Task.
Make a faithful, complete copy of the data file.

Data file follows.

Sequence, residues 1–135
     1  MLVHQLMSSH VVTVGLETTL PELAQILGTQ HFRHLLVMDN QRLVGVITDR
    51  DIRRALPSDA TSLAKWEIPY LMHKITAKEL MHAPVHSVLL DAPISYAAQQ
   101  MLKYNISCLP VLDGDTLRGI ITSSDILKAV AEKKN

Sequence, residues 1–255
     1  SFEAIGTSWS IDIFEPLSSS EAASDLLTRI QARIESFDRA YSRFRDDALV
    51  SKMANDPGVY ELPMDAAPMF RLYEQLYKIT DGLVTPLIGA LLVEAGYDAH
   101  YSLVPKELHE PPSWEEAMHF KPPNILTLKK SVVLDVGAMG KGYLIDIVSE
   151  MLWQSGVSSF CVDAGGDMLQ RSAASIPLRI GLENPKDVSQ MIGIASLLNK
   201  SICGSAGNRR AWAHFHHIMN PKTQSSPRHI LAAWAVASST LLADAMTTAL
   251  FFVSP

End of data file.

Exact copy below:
Sequence, residues 1–135
     1  MLVHQLMSSH VVTVGLETTL PELAQILGTQ HFRHLLVMDN QRLVGVITDR
    51  DIRRALPSDA TSLAKWEIPY LMHKITAKEL MHAPVHSVLL DAPISYAAQQ
   101  MLKYNISCLP VLDGDTLRGI ITSSDILKAV AEKKN

Sequence, residues 1–255
     1  SFEAIGTSWS IDIFEPLSSS EAASDLLTRI QARIESFDRA YSRFRDDALV
    51  SKMANDPGVY ELPMDAAPMF RLYEQLYKIT DGLVTPLIGA LLVEAGYDAH
   101  YSLVPKELHE PPSWEEAMHF KPPNILTLKK SVVLDVGAMG KGYLIDIVSE
   151  MLWQSGVSSF CVDAGGDMLQ RSAASIPLRI GLENPKDVSQ MIGIASLLNK
   201  SICGSAGNRR AWAHFHHIMN PKTQSSPRHI LAAWAVASST LLADAMTTAL
   251  FFVSP